• I am trying to gain a more intuitive feel for what is happening. Perhaps I just need to do more real-world problems involving the chain rule. – slax Apr 3 '18 at 21:09
• Sorry i wasn't more help. It is often a guessing game as to what a poster needs. – Paul Sinclair Apr 3 '18 at 23:46
• Hi Paul, I think I figured out my problem. Knowing that my question was hard to decipher, I tried to answer my own question. Please let me know if it makes sense. Writing about math is very difficult. I admire you for answering questions like mine. – slax Apr 6 '18 at 2:16

I am answering my own question for two reasons: (1) I believe I now understand my problem and (2) because I believe it is not easy for readers of my question to determine the source of my misunderstanding. What I failed to fully understand and apply was the chain rule. As long as the problems I worked were in terms of a single variable, i.e. $y=(sin(x))^2$, I could successfully apply the chain rule. Although, when faced with related rates problems, I failed to realize that despite the base equation not being explicitly in terms of time $t$, it could be if the time based equations were given. But many related rates problems provide the rates of change rather than an equation describing the parameters as a function of time. Take for example, the following problem:

The radius of a cylinder is decreasing at the rate of 9 mm/hr while its height is increasing at the rate of 2 mm/hr. What is the rate of change in the surface area of the cylinder when the radius is 8 mm and the height is 3 mm?

The base equation is:$$A=2\pi r^2+2\pi rh$$ What must be understood is that the area function is a composite of two sub functions r(t) and h(t). If, rather than giving the rate of change of radius, rate of change of height, radius, and height, the time based equations for radius and height were given, the governing function could be written solely in terms of time t. For example, if the following equations were given, $$r(t)=-9t+44$$ $$h(t)=2t-5$$ (note: at $t=4$, $r=8$, $h=2$, $\frac{dr}{dt}=-9$, $\frac{dh}{dt}=2)$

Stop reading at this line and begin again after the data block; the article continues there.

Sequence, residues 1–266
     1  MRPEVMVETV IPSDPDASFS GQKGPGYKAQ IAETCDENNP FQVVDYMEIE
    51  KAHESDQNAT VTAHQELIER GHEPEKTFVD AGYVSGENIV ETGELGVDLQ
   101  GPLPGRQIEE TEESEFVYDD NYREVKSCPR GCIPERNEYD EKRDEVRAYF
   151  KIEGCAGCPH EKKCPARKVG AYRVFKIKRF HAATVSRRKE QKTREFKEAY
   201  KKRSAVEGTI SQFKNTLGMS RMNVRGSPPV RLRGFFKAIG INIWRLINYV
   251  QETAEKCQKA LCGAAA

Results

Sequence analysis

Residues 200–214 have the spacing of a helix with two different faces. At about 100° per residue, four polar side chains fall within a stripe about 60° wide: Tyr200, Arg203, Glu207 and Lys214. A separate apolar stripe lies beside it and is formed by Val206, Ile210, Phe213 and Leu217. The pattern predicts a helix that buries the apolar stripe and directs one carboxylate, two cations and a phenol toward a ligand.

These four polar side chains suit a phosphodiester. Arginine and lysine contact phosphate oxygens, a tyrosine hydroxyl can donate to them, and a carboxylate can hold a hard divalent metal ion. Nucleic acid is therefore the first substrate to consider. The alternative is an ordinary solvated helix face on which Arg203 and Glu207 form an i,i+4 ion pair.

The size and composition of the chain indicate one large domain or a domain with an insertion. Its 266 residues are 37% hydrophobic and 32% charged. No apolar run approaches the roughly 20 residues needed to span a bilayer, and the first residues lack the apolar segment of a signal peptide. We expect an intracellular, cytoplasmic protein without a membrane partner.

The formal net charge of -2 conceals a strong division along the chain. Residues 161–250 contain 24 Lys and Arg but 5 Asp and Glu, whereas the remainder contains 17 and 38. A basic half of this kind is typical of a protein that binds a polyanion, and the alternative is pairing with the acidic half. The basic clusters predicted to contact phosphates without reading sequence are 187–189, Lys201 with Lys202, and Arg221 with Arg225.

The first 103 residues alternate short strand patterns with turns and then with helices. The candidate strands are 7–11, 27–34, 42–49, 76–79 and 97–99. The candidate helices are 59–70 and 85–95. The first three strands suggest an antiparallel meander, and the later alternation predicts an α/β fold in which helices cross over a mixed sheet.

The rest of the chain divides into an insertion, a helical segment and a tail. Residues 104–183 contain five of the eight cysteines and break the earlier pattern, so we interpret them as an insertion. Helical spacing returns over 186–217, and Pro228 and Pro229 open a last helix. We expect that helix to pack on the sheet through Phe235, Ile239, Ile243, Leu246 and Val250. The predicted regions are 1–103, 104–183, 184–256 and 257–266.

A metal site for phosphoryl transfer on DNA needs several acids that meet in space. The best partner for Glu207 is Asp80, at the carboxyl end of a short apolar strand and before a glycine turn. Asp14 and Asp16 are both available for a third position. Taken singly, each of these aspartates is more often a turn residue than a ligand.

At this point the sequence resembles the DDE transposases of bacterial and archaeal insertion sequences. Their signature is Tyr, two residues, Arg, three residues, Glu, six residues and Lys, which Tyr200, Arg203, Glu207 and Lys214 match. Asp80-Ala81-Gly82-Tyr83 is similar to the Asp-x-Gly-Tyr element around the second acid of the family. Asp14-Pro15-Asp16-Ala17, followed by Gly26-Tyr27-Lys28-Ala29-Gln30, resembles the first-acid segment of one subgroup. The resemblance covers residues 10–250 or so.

then the base equation could be written solely in terms of time $t$. $$A(t)=2\pi (-9t+44)^2+2\pi (-9t+44)(2t-5)$$ $$A(t)=126\pi t^2-1318\pi t+3432$$ This equation can be differentiated without the chain rule, i.e. $$\frac{dA}{dt}=252\pi t - 1318\pi$$ At time t=4, $$\frac{dA}{dt}=252\pi (4)-1318\pi = -310\pi$$ But the chain rule gives us an easier way to solve the problem. If we think of the base function as the following: $$A(t)=2\pi (r(t))^2+2\pi (r(t))(h(t))$$ then $A(t)$ can be seen as a composite of two functions $r(t)$ and $h(t)$. The chain rule allows the derivative to be taken in several steps. For example, $$\frac{dA}{dt}=2\pi \frac{d}{dt}[(r(t))^2]+2\pi\frac{d}{dt}[(r(t))(h(t))]$$ $$\frac{dA}{dt}=2\pi (2r(t))\frac{d}{dt}[r(t)]+2\pi\bigl(\frac{d}{dt}[r(t)]h(t)+r(t)\frac{d}{dt}[h(t)]\bigr)$$ $$\frac{dA}{dt}=4\pi r(t)\frac{d}{dt}[r(t)]+2\pi h(t)\frac{d}{dt}[r(t)]+2\pi r(t)\frac{d}{dt}[h(t)]$$ $$\frac{d}{dt}[r(t)]=-9$$ $$\frac{d}{dt}[h(t)]=2$$ $$\frac{dA}{dt}=4\pi r(t)(-9)+2\pi h(t)(-9)+2\pi r(t)(2)$$ $$\frac{dA}{dt}=-36\pi r(t)-18\pi h(t) + 4\pi r(t)$$ $$\frac{dA}{dt}=-36\pi(-9t+44)-18\pi(2t-5)+4\pi(-9t+44)$$ $$\frac{dA}{dt}=252\pi t - 1318\pi$$ At time t = 4 hrs, $$\frac{dA}{dt}=252\pi(4)-1318\pi=-310\pi$$ Now back to the original problem. Because the problem didn't give the equations for r(t) and h(t), but rather gave the values at a snap shot in time, i.e. $r=8 mm$, $\frac{dr}{dt}=-9 mm/hr$, $h=3 mm$, $\frac{dh}{dt}=2 mm/hr$, it is necessary to use the chain rule. $$\frac{dA}{dt}=2\pi\frac{d}{dt}[r^2]+2\pi\frac{d}{dt}[rh]$$ $$\frac{dA}{dt}=2\pi(2r)\frac{dr}{dt}+2\pi(\frac{dr}{dt}h+r\frac{dh}{dt})$$ $$\frac{dA}{dt}=4\pi r\frac{dr}{dt}+2\pi h\frac{dr}{dt}+2\pi r\frac{dh}{dt}$$ $$\frac{dA}{dt}=4\pi(8)(-9)+2\pi(3)(-9)+2\pi(8)(2)$$ $$\frac{dA}{dt}=-310\pi$$ So the moral of the story is that related rates problems are not anything new, they are applying the chain rule to a composite function of time.

• That is correct. – Paul Sinclair Apr 6 '18 at 16:33